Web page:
religion, or ethnicity to group customers
Electronic Commerce, Seventh Annual Edition
11
Market Segmentation (continued)
• Psychographic segmentation
– Groups customers by variables such as social
class, personality, or their approach to life
Electronic Commerce, Seventh Annual Edition
12
Electronic Commerce, Seventh Annual Edition
13
Beyond Market Segmentation:
Customer Behavior and Relationship
Intensity
• Behavioral segmentation
– Creation of separate experiences for customers
based on their behavior
• Occasion segmentation
– When behavioral segmentation is based on things
that happen at a specific time
• Usage-based market segmentation
– Customizing visitor experiences to match the site
usage behavior patterns of each visitor
Electronic Commerce, Seventh Annual Edition
14
Beyond Market Segmentation: Customer
Behavior and Relationship Intensity
(continued)
• Behavior-based categories include:
– Simplifiers
• Like convenience
– Surfers
• Use the Web to find information and explore new ideas
– Bargainers
• Are in search of a good deal
– Connectors
• Use the Web to stay in touch with other people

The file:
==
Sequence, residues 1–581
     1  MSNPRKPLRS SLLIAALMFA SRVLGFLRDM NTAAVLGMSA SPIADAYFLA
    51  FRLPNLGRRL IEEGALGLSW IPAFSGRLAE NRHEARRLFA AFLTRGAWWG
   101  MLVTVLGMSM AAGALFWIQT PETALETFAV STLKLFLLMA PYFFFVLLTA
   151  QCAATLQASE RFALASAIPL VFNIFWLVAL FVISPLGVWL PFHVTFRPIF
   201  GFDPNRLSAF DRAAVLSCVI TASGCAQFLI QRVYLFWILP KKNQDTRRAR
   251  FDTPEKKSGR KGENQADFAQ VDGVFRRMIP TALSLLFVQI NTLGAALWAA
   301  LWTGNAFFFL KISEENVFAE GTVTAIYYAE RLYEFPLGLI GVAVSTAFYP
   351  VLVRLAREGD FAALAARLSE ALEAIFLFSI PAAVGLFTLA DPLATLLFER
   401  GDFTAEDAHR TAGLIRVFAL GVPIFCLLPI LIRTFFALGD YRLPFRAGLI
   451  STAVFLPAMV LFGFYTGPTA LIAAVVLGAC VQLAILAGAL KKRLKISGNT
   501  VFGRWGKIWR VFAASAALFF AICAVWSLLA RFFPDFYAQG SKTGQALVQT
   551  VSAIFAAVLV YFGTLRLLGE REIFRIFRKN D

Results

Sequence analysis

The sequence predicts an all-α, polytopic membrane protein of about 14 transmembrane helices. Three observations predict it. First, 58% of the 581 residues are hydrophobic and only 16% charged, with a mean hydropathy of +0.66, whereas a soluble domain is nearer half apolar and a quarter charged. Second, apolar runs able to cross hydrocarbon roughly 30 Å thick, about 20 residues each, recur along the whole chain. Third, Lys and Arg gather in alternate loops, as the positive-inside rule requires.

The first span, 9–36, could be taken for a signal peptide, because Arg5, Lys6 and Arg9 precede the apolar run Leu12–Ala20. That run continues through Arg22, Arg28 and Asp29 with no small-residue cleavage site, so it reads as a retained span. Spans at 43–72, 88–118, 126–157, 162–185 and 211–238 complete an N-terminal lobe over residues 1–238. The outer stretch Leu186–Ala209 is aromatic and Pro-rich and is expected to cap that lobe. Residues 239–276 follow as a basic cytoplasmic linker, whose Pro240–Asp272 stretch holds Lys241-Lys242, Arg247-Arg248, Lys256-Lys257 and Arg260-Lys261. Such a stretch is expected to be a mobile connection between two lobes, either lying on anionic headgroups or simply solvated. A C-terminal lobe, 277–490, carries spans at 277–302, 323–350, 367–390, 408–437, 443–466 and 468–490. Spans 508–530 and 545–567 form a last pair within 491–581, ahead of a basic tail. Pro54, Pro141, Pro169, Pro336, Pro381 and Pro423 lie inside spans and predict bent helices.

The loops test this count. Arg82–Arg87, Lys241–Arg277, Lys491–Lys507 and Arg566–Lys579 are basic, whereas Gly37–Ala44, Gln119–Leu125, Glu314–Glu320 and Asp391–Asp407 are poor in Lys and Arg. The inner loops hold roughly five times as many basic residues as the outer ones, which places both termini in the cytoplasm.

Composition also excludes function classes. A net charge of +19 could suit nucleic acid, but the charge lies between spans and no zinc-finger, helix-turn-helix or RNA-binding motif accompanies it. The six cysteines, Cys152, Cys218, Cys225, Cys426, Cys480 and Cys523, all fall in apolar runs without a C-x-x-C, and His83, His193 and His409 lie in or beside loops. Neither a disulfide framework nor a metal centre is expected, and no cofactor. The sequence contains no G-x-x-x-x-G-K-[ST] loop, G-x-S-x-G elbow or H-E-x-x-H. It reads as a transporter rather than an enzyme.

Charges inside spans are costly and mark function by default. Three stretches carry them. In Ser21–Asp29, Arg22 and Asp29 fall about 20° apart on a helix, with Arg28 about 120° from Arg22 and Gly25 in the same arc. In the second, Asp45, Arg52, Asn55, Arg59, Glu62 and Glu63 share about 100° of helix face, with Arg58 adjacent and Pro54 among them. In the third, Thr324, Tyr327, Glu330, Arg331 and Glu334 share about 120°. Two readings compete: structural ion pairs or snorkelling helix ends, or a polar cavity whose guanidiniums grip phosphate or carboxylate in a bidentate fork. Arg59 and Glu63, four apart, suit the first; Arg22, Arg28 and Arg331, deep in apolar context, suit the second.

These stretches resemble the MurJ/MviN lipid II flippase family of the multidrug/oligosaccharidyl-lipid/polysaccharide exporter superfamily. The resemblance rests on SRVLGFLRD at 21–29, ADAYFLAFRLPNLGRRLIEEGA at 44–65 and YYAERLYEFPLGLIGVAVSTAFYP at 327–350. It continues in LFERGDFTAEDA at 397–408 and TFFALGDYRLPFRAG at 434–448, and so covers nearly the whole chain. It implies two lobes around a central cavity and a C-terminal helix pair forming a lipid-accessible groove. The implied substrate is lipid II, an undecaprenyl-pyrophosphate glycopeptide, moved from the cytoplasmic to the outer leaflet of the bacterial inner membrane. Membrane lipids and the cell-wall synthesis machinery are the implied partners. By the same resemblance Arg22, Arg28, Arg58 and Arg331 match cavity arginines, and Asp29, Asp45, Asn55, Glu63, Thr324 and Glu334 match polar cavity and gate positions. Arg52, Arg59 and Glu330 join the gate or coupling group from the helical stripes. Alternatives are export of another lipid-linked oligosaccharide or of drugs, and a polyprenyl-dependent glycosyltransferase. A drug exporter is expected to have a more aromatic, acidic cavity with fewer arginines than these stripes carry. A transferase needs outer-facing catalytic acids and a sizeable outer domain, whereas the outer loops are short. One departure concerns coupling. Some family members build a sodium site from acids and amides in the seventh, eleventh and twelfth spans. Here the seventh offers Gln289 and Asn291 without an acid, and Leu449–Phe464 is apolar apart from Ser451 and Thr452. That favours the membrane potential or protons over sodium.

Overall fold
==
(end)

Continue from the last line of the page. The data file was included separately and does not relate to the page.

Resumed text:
– Routiners
• Return to the same sites over and over again
Electronic Commerce, Seventh Annual Edition
15
Customer Relationship Intensity and
Life-Cycle Segmentation
• One goal of marketing is to create strong
relationships between a company and its
customers
• Good customer experiences can help create
an intense feeling of loyalty
• Touchpoints
– Online and offline customer contact points
• Touchpoint consistency
– Goal of providing similar levels and quality of
service at all touchpoints
Electronic Commerce, Seventh Annual Edition
16
Electronic Commerce, Seventh Annual Edition
17
Acquisition, Conversion, and
Retention of Customers
• Acquisition cost
– Money a site spends to draw one visitor to the site
• Conversion
– Converting a first-time visitor into a customer
• Conversion cost
– Cost of inducing one visitor to make a purchase, sign
up for a subscription, or register
• Retained customers
– Customers who return to the site one or more times
after making their first purchases
Electronic Commerce, Seventh Annual Edition
18
Customer Acquisition,
Conversion, and Retention: The
Funnel Model
• Marketing managers need to have a good
sense of how their companies acquire and
retain customers
• Funnel model
– Used as a conceptual tool to understand the
overall nature of a marketing strategy
– Very similar to the customer life-cycle model
Electronic Commerce, Seventh Annual Edition
19
Electronic Commerce, Seventh Annual Edition
20
Advertising on the Web
• Banner ad
– Small rectangular object on a Web page
• Interactive marketing unit (IMU) ad formats
– Standard banner sizes that most Web sites have
voluntarily agreed to use
• Banner exchange network
– Coordinates ad sharing
• Banner advertising network
– Acts as a broker between advertisers and Web
sites that carry ads